As we often see, Somalia’s porous and unregulated market inspire illicit behaviors in various fronts. Unverified foreign health professionals’ penetration in Somalia’s health sector rose lately since the country made some infrastructural progress institutionally, but credibility of their skills is challenged by growing number of failed case handling. Is it that they are deliberately disguised as competent physicians by the health facilities, so they can import cheap labor to fill in critical and expensive services with the intention to gain more and spend less? Or, in contrast, the owners are themselves unwittingly employing expatriates whose credentials and experience had been misinformed against their quality standards. If the whole process of employing external health workers to dispense critical health service in the country is formed on trusting set of documents by the applicant or through recommendations by fellow networks, the danger is then bearing in weak solicitation method that the hospitals commission.

Like a case heard from Hargeisa some months back, a communication gap which sometimes erupts between the doctor and assisting national coworkers poses also grave hazard, which can cost a fatal cause to patients. In the hyperlinked video, a victim trended at a public forum deliberating quality standards of local Medicare services in Somaliland. He lauded he luckily survived a tube mistakenly left connected for about two months inside a surgery wound that he was operated at a hospital in Hargeisa. The discovery of this horrible mistake was found after the patient developed incremental pain around the operated part of his body, which later spurred him to thrust to neighboring Ethiopia for enhanced examination. The doctors in Ethiopia demonstrated him tubes inside him whose period of stay should not have been more than a few hours after the time of surgery, and repaired the wound safely. That traumatized him, he trailed back to the hospital after his return to home, but only meeting the foreign doctor shifting the scandal of himself; referring that he instructed on the papers in writing the nurses should have detached the tubes before discharging him from the ward.

In the end, Hargeisa patient lamented he dropped off the case owing to his consensual pre-operation agreement over lack of liability should the surgery turn harmful. This single-sided prerequisite, compulsory conditions abolish patients a chance to pursue legal challenge for compensation.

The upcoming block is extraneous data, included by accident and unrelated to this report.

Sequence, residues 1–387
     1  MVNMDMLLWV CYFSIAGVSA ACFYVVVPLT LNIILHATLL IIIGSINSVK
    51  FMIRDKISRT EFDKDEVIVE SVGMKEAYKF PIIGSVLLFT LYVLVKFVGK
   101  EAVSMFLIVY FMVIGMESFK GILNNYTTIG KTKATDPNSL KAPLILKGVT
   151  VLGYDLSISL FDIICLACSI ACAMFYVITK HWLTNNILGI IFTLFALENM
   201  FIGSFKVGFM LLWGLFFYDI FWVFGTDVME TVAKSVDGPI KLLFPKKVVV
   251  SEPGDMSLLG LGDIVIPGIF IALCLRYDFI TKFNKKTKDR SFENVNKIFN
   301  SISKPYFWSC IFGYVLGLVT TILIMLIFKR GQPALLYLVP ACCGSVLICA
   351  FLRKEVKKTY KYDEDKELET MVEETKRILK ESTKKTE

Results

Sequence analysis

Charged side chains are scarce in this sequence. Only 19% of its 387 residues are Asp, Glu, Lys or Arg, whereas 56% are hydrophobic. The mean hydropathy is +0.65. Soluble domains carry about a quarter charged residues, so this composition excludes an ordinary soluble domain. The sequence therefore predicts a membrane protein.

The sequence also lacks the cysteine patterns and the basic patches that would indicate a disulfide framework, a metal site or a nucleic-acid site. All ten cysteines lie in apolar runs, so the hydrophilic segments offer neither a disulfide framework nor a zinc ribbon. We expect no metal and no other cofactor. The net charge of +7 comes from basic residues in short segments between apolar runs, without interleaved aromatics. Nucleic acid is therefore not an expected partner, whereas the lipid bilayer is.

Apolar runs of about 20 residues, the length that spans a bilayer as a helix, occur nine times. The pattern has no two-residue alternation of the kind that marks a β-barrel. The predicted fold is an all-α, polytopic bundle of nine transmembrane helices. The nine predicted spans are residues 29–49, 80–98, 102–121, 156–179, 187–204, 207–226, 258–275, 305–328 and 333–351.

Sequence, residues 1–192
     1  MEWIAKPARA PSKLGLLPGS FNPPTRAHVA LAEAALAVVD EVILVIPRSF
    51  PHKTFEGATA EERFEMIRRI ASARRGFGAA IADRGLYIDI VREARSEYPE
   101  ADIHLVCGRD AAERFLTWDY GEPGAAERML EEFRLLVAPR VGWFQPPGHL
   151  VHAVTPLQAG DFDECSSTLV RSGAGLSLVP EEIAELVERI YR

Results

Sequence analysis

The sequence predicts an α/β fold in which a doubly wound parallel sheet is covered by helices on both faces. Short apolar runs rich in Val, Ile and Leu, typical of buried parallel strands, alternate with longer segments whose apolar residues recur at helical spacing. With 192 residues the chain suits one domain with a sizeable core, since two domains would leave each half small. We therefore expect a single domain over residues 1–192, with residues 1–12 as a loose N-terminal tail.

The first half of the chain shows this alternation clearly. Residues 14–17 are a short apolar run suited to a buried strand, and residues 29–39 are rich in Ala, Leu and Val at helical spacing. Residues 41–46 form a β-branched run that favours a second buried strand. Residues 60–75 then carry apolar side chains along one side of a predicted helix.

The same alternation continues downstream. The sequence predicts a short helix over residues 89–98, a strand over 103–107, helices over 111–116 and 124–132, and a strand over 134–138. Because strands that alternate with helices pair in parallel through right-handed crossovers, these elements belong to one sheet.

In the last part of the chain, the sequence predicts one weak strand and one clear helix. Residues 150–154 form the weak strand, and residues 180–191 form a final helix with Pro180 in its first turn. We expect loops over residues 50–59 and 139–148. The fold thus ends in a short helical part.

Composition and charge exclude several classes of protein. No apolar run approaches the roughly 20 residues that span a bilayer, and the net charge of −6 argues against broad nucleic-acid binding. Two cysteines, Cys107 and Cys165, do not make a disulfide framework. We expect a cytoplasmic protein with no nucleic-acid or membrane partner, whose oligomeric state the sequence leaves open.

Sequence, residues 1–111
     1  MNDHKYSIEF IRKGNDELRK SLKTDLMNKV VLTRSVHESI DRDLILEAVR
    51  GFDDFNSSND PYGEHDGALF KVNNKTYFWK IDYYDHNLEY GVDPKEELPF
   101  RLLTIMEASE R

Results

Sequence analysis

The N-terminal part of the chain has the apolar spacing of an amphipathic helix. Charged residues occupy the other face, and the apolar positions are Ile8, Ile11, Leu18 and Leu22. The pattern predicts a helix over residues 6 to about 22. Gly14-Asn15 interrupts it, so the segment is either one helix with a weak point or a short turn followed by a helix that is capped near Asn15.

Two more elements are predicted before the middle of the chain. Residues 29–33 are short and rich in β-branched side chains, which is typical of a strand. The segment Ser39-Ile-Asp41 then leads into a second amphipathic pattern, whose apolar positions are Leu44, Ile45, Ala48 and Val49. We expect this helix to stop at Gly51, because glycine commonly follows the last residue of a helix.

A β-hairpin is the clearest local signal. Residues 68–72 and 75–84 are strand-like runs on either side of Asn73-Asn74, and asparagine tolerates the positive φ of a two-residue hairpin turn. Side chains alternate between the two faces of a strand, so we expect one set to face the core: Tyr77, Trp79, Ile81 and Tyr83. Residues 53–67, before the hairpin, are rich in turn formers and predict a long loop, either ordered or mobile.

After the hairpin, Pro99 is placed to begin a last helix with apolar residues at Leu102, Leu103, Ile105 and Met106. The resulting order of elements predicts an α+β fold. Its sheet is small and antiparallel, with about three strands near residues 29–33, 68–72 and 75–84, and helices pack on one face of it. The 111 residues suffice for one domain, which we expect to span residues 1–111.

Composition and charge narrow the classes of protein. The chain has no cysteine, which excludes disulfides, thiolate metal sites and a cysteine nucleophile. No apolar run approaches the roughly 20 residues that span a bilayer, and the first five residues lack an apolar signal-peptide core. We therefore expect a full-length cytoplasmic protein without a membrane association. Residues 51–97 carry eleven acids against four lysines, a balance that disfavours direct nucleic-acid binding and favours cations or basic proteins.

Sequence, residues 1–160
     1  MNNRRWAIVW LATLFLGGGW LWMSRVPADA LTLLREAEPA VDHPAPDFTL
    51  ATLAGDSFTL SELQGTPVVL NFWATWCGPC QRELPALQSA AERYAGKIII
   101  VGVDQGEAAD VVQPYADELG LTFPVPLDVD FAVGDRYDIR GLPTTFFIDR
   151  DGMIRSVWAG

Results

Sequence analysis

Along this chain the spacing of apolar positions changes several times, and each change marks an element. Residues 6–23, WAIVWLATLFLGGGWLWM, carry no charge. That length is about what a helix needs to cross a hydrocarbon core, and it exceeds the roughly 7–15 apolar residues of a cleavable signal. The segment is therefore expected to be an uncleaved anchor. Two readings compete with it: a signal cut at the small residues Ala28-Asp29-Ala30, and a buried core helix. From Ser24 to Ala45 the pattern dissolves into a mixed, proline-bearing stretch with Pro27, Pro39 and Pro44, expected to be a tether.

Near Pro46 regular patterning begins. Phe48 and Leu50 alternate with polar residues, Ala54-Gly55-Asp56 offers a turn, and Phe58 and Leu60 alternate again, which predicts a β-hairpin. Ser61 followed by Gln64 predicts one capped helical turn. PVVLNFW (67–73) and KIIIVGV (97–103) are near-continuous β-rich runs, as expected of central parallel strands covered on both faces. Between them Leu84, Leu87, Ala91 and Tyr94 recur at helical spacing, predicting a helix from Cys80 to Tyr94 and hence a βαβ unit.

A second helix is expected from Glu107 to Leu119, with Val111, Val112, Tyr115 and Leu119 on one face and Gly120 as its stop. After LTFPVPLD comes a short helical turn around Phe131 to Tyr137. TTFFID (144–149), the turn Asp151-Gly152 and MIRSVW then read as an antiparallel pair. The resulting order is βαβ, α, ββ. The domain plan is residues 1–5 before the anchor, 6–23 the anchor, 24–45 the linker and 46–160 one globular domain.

In an expanding entrepreneurial health market in Somalia, defective communication occurring between the foreign doctors and assisting national co-workers may continue risking lives. It may lead grave health implications to many. The bizarre thing is, except for a few facilities who try to learn and restructure, management of the clinics pay less effort in ensuring conducive atmosphere allowing foreign doctors to transmit and receive sufficient communication at the workplace. It is often seen being rough. This is as important as procuring state of the art equipment as insufficient information can lead to a fatal assumption.  

Professionally, it is too unethical to drag the patient into a conclusion that the nurse may be perceived as the patient’s target point during interpretation. This is observed. As hospitals in Somalia are overflowed, patient is hurried by the nurses, to hastily communicate his condition during appointment with the doctor. The nurse and the doctor know the long queue awaiting outdoor, for the next patient reminds that by opening the door impatiently repeatedly to inspect if patient inside is getting over. Occasionally, more than one patient can concurrently enter for the doctor resulting in an awkward mood, limiting patient-doctor frank consultation. Such inconvenient space makes the patient vulnerable into being dragged for a conclusion he is not sure enough that it was his ultimate point.

Somalia is well below the global standard of doctor and nurse density, reasonably inflating the influx of external professionals. There are only four healthcare professionals for every 10,000 people. Unless remarkably a miracle happens, Somalia will take time to regulate and scale up its healthcare sector to meet the demand for a healthy human capital. There is a categorical correlation between country economic productivity and stability and healthy society. From a nutritious early childhood preparation until healthy adolescent life, investment in this chain builds proper brains which could represent responsible and measured citizens.

A whole generation born and raised in the collapse of public services in a country whose crop production can only provide 22% of the per capita cereal food need, it is understandable  this situation may have impacted the brain growth of many children who are useful to the country’s economy and stability. Countries are doubling sectoral transformation efforts by availing the natural resources in home to raise living conditions of their people. Somalia is profusely blind of its resource since its state inception. That can arguably be correlated to human capital intelligence capacity, because measured and responsible citizen would at some points have agreed to move their country forward – a whole nation fizzles to tidy own house. International missions play own role instead! President of Rwanda, Paul Kagame, cited saying “If owners of natural resources go around begging, then you should know there’s something wrong with their minds.

Abdulkadir Hussein
Email: [email protected]